Thermal Effects of Replacing Solder with Conductive Adhesives
Article publication date: 1 February 1993
An important disadvantage of conducting adhesives is their inferior heat conductivity when compared with soft solder such as Sn60Pb40. Thermal simulations, however, show that, by using thinner layers of adhesive than of solder, the module's thermal resistance does not increase greatly. Test modules with four different silver filled epoxy adhesives and tin/lead solder were manufactured. These test modules contained power diodes, 30 A, 1000 V, die bonded onto Ag/Pt thick film conductors on alumina. The die bond adhesive layer thicknesses were typically 30 or 40 μm. For die bond solder layers the thickness was 90 μm. The alumina substrates were connected to 3 mm thick copper plates with filled epoxy or silicone adhesive. The thickness of these layers was 150 μm or 50 μm, respectively. Thermal resistance of the structures was measured. The results showed that good adhesion between joined surfaces is essential for optimised heat flow. The heat conductivity of an adhesive was only a secondary factor affecting the structure's thermal resistance. When the adhesive joint is of good quality, the replacement of solder with conductive adhesives does not increase the module's thermal resistance any more than as shown by the simulations. It should, however, be remembered that the printing of thin (< 20 μm) uniform layers is not always possible.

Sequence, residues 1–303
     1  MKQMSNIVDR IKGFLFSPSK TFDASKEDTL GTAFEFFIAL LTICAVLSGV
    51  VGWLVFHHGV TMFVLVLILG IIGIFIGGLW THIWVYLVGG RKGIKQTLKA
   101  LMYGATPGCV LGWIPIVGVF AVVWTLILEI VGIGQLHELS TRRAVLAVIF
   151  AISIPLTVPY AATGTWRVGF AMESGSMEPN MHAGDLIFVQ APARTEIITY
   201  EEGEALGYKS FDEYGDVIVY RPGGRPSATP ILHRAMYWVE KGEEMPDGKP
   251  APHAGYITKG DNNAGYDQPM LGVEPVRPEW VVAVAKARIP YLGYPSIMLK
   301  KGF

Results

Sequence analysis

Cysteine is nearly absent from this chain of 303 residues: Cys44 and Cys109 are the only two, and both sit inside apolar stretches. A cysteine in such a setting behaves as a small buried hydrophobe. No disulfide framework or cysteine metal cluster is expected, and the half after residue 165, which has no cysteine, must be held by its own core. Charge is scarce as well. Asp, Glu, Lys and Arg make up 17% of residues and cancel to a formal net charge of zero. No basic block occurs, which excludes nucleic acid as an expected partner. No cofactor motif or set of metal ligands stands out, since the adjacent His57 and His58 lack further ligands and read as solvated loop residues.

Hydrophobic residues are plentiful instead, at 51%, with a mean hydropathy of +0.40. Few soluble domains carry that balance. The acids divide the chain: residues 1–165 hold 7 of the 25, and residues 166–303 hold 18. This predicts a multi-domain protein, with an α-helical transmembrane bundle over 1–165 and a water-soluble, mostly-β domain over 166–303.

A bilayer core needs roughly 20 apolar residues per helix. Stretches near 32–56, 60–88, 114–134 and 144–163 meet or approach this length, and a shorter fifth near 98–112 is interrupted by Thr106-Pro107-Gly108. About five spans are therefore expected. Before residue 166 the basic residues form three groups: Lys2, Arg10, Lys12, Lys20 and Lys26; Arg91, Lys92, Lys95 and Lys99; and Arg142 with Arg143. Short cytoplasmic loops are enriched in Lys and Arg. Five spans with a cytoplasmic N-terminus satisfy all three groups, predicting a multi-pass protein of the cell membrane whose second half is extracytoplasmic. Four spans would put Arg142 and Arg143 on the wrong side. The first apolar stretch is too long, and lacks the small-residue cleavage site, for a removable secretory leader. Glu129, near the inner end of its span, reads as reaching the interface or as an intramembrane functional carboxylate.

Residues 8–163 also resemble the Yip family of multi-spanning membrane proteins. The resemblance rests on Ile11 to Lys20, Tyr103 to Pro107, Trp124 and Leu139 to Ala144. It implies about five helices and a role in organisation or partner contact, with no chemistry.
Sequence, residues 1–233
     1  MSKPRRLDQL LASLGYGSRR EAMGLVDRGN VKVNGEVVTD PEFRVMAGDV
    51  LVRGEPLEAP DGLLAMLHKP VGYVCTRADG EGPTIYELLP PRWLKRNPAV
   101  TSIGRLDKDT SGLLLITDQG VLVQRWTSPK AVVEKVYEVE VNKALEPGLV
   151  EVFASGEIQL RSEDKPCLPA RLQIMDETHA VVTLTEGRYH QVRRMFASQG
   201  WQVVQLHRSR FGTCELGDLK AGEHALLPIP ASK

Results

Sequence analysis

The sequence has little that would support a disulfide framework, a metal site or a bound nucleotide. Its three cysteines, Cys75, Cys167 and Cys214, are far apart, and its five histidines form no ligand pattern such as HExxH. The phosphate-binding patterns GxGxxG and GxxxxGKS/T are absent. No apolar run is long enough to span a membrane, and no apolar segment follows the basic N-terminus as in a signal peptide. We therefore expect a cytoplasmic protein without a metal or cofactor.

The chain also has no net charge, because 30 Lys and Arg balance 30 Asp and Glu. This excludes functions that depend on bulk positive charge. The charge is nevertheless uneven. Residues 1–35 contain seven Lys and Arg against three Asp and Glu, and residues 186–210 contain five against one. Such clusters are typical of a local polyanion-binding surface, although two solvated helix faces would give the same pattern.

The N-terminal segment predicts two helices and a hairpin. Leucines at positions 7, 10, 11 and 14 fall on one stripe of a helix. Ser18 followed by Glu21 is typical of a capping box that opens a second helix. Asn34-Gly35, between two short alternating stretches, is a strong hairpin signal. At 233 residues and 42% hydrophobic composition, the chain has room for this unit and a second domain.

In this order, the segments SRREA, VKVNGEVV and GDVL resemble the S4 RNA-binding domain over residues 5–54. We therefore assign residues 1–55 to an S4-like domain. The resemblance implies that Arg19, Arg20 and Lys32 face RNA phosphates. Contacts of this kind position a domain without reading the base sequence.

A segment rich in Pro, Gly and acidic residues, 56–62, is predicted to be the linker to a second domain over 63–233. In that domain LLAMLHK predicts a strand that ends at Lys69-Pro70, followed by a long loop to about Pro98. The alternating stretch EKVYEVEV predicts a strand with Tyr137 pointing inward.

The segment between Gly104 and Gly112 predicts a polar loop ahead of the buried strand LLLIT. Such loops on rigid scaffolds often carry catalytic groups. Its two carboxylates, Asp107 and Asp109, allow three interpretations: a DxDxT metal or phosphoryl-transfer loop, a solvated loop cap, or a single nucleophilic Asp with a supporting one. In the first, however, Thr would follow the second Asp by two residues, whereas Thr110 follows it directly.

Spalding, O. (1993), "Thermal Effects of Replacing Solder with Conductive Adhesives", Microelectronics International, Vol. 10 No. 2, pp. 26-28. https://doi.org/10.1108/eb044498
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